Indiana, like the rest of the country, has experienced enormous growth in the number of immigrants in its workforce. Many Indiana employers are concerned that, in spite of their best efforts to validate federally required documentation, some employees are working illegally. But are those “employees” entitled to worker’s compensation benefits if their illegal status is discovered after an on-the-job injury?
The Worker’s Compensation Act of Indiana mandates that employers provide medical treatment and wage replacement in the form of temporary total disability benefits to “employees” who sustain “accidental injuries, arising out of and in the course of the employment.”
Entitlement to benefits is not only predicated upon a causal connection between the injury sustained and the work performed, but also upon the actual existence of an employment relationship. The issue of whether or not an illegal alien is or has ever been an “employee” for purposes of the Worker’s Compensation Act has never been addressed by the Indiana Courts. However, given that the illegal alien was likely performing a service that benefited the employer and both parties presumably had a reasonable belief that an employment relationship existed, the Worker’s Compensation Board and the Indiana Courts could find that the illegal alien was in fact an employee.
If we assume that the employment relationship exists, is the employee entitled to all benefits under the Act? The Legislature has recognized a few exceptions to the rule that temporary total disability is owed until the employee has reached maximum medical improvement. One exception does allow the employer to terminate temporary total disability benefits if the employee is “unable or unavailable to work for reasons unrelated to the compensable injury.” [i] Unfortunately, case law provides very little guidance in evaluating exactly what the Legislature meant with this provision, and there is certainly no case law on point regarding whether employers owe temporary total disability to illegal aliens. However, an illegal alien is certainly “unable” to work under federal law.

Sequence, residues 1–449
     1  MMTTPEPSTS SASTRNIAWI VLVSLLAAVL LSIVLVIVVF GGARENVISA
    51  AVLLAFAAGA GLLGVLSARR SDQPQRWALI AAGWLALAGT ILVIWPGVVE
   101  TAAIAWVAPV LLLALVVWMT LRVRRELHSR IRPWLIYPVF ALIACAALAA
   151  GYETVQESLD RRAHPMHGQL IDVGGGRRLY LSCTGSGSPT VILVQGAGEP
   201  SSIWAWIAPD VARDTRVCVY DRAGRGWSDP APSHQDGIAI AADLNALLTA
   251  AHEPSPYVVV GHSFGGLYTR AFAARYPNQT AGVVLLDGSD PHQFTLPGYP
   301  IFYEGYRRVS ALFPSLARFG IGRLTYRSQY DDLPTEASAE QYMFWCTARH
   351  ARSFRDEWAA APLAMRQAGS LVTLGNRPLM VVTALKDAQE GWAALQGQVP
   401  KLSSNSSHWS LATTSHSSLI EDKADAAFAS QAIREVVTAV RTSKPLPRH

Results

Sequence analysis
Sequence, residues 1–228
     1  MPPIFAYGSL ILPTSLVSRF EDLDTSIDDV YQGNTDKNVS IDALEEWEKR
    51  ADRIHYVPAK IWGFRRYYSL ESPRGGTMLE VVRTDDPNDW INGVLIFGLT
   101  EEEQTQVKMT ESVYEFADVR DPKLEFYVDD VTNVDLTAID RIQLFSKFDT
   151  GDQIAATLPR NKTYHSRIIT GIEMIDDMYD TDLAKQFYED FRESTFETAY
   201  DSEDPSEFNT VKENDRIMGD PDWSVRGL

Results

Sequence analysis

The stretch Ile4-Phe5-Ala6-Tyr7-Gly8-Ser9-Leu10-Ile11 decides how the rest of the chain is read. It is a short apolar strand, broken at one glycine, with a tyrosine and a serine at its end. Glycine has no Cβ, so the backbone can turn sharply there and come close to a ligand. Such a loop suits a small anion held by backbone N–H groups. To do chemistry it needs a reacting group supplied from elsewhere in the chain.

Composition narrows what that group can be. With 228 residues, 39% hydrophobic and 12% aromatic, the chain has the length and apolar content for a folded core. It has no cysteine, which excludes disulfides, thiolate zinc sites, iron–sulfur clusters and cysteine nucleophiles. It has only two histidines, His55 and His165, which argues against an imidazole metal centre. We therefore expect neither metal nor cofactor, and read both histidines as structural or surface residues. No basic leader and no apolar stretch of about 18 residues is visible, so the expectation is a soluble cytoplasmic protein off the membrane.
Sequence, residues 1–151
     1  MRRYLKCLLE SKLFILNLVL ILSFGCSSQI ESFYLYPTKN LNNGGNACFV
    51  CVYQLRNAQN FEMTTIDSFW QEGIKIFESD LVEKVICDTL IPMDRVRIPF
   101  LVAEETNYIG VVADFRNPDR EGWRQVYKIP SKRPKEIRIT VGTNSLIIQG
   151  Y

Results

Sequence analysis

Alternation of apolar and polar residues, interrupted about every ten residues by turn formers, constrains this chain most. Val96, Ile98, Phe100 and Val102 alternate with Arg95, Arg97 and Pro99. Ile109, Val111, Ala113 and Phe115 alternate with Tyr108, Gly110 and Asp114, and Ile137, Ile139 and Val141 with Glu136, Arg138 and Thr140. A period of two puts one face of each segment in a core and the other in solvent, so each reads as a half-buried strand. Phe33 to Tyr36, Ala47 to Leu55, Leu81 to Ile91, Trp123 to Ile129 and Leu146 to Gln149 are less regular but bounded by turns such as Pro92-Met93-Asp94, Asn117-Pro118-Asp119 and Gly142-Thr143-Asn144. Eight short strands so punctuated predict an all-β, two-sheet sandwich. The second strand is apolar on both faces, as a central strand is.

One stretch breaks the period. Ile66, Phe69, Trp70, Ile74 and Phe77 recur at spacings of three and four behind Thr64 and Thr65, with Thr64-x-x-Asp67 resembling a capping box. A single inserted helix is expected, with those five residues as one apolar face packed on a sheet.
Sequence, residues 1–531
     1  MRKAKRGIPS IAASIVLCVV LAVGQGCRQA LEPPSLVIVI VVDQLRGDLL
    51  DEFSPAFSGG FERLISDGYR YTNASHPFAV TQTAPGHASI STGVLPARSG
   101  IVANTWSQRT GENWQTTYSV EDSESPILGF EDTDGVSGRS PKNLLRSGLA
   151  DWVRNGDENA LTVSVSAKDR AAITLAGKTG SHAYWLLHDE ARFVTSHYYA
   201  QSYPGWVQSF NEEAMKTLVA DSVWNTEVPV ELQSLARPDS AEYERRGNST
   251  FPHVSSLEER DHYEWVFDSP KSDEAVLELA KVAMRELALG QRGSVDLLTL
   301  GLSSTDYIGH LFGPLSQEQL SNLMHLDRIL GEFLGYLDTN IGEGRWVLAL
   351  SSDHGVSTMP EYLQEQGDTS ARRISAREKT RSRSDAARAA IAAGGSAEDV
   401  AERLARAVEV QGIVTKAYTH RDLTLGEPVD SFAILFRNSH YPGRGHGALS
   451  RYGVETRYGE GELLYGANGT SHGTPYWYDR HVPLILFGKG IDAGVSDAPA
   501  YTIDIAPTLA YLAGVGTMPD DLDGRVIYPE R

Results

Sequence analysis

Employers are governed by The Immigration Reform and Control Act of 1986 (hereinafter IRCA) during the initial hiring process. [ii] Under the IRCA, Congress established an “employment verification system” whereby employment is to be denied aliens who are not lawfully present or employable in the United States. The prospective employee must present documentation such as a social security card, birth certificate, driver’s license, green card, etc, and the employer must certify on a United States Department of Justice Employment Eligibility Verification Form I-9 that it has reviewed the required documents.
Under the IRCA, if an employer hires an unauthorized alien, or the alien subsequently becomes unauthorized, the employer must terminate the employment. Employers who violate IRCA are subject to civil and criminal penalties. Similarly, an unauthorized alien who presents fraudulent documentation, including “any document lawfully issued to or with respect to a person other than the possessor”, is subject to civil fines and criminal prosecution.
In Hoffman Plastic Compounds, Inc. v. National Labor Relations Board (hereinafter Hoffman Plastics)[iii], a 2002 United States Supreme Court decision, the Court determined that, in spite of the fact that Hoffman Plastics violated the National Labor Relations Act, it was not responsible for payment of back wages to an illegal alien who presented false employment verification documents. Specifically, the illegal alien had presented a false birth certificate when hired by Hoffman Plastics.
The Court reasoned that the IRCA makes it “impossible for an undocumented alien to obtain employment . . . without some party directly contravening explicit congressional policies.” The Court held that awarding back pay to an illegal alien “would unduly trench upon explicit statutory prohibitions critical to federal immigration policy [and] would encourage the successful evasion of apprehension by immigration authorities, condone prior violations of the immigration laws, and encourage future violations.”
Although not directly on point, the Supreme Court’s decision in Hoffman Plastics can certainly be analogized to the Indiana worker’s compensation setting. This exact issue has, however, been addressed in unreported decisions before The Industrial Commission of Ohio.